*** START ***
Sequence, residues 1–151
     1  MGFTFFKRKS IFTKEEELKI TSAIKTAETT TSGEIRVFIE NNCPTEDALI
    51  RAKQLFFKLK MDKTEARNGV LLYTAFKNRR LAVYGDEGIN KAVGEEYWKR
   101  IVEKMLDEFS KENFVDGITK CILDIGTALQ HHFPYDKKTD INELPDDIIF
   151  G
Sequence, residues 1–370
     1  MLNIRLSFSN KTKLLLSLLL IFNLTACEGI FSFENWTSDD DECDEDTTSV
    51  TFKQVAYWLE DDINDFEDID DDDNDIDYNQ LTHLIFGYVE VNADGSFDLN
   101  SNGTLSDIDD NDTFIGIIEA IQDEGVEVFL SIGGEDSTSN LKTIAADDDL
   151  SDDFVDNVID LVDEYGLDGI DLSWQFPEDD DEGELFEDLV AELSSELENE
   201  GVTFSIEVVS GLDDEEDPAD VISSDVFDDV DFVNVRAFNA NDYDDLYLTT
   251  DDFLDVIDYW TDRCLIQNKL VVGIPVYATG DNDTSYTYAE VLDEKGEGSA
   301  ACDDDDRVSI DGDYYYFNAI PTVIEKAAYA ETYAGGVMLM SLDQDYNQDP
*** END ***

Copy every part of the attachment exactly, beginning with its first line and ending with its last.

Sequence, residues 1–151
     1  MGFTFFKRKS IFTKEEELKI TSAIKTAETT TSGEIRVFIE NNCPTEDALI
    51  RAKQLFFKLK MDKTEARNGV LLYTAFKNRR LAVYGDEGIN KAVGEEYWKR
   101  IVEKMLDEFS KENFVDGITK CILDIGTALQ HHFPYDKKTD INELPDDIIF
   151  G
Sequence, residues 1–370
     1  MLNIRLSFSN KTKLLLSLLL IFNLTACEGI FSFENWTSDD DECDEDTTSV
    51  TFKQVAYWLE DDINDFEDID DDDNDIDYNQ LTHLIFGYVE VNADGSFDLN
   101  SNGTLSDIDD NDTFIGIIEA IQDEGVEVFL SIGGEDSTSN LKTIAADDDL
   151  SDDFVDNVID LVDEYGLDGI DLSWQFPEDD DEGELFEDLV AELSSELENE
   201  GVTFSIEVVS GLDDEEDPAD VISSDVFDDV DFVNVRAFNA NDYDDLYLTT
   251  DDFLDVIDYW TDRCLIQNKL VVGIPVYATG DNDTSYTYAE VLDEKGEGSA
   301  ACDDDDRVSI DGDYYYFNAI PTVIEKAAYA ETYAGGVMLM SLDQDYNQDP